What Desi Parents Should Tell Their Kids During Board Exams
Nosy relatives, pressure on students to pursue a certain stream, amid all of this, the parents must come to rescue.
Video Editor: Puneet Bhatia
Tis the season of board exams – a time when students of the 10th and 12th grade are knee-deep in their books, trying to live up to the expectations of not just themselves, but also of their parents. So parents, listen up! this is what your kids need to hear today.
At a time when relatives become a little too nosy and pressurize students into pursuing a certain stream, parents must create a conducive environment in which their children can actually learn something meaningful, and not just mug up lessons.
There are too many things that have have been fed to us by popular culture over the years, but in reality, don't really matter.
The 'Sharma ji' template is over-used and over-hyped. It can be any other neighbour with a different surname, but the template is the same. Not only does it add more pressure to the sons and daughters of Sharma family, but also creates a stereotype that needs some debunking. Tell your kids not to fall into the same trap.
'Why Go Mainstream?'
You’ve heard of a doctor from a family line of doctors, a lawyer from a family of lawyers and so on. But when was the last time you heard of a photographer from a long lineage of photographers? or, a painter for that matter?
Whenever there’s a budding artist or a singer or a cricketer in a family, she is inevitably asked “but, what will you do to earn a living?” These hobbies are always considered secondary, mostly because people think they don’t pay well.
For instance, even if you show your parents five cases of a successful soccer player, they will tend to focus on that one player, who, because of whatever reason, could not make it.
Financial pressures, societal expectations may act as hurdles. Don't let these come in the way. Tell your child to give it a try, and trust yourself to help him/her in the pursuit.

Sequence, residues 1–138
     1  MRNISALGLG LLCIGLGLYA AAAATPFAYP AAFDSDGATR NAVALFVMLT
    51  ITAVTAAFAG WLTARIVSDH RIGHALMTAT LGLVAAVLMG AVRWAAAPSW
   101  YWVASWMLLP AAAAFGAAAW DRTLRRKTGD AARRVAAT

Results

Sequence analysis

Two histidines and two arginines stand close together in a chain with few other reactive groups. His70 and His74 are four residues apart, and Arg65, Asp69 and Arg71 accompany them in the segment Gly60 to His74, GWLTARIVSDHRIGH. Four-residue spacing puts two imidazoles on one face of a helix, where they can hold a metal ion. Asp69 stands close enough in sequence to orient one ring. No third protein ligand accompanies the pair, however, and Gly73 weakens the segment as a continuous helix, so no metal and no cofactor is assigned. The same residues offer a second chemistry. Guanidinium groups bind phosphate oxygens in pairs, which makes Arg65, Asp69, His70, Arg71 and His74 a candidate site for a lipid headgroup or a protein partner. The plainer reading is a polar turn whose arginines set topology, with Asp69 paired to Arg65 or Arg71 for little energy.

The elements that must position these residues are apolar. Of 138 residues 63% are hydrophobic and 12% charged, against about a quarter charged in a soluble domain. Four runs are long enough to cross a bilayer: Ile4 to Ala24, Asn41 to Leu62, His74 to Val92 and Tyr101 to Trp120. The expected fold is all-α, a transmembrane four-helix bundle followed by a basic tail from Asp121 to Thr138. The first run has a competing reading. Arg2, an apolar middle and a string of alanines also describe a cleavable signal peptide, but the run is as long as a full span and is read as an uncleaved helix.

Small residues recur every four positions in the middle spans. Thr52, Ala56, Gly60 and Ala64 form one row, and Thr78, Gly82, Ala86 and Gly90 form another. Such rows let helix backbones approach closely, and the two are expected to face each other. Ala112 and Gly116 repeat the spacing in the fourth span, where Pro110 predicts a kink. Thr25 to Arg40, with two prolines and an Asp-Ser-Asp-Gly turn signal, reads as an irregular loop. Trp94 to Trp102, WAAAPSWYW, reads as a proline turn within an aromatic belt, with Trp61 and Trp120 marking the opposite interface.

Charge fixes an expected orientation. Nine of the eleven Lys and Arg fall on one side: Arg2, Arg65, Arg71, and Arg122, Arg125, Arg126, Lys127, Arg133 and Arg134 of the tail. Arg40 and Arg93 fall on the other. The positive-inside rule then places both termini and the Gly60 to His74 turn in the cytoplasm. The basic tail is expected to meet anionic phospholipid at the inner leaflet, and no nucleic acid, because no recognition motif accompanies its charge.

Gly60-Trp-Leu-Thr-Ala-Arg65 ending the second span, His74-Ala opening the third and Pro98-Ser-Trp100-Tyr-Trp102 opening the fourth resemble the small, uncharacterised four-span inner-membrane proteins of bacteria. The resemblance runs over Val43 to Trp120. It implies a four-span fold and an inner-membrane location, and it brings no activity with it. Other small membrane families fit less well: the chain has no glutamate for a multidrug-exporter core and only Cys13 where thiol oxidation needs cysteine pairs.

Marks Don't Maketh Thou a Man
Through out my school and college days, I came across people who excelled academically, but weren't really a good human being. It reminds one that being literate is not equivalent to being well-educated.
Celebrate with your child no matter what the score, to instill confidence in them that you’re there for them. However, don’t let that comfort turn into complicity when you see their disrespectful characteristics.
Invariably, during school days, marks do shape how a kid perceives oneself. Hence it's more important that they learn how to deal with them.
It is a little privileged for some people to say that “marks don't matter,” of course they do, but not in the long term. Right now, your child must know that mental health is above everything else. It's important that they are able to take care of themselves, so they have confidence in carving out their life and include you in the process too.
The debate over how fruitful these board exams are for shaping one's future is for another day. But as parents, you must realise that this period is extremely crucial in shaping the mind of a student.
Stand up to their expectations, and let them know all of this. Because it might seem like the toughest period of time, but remember, this too shall pass.
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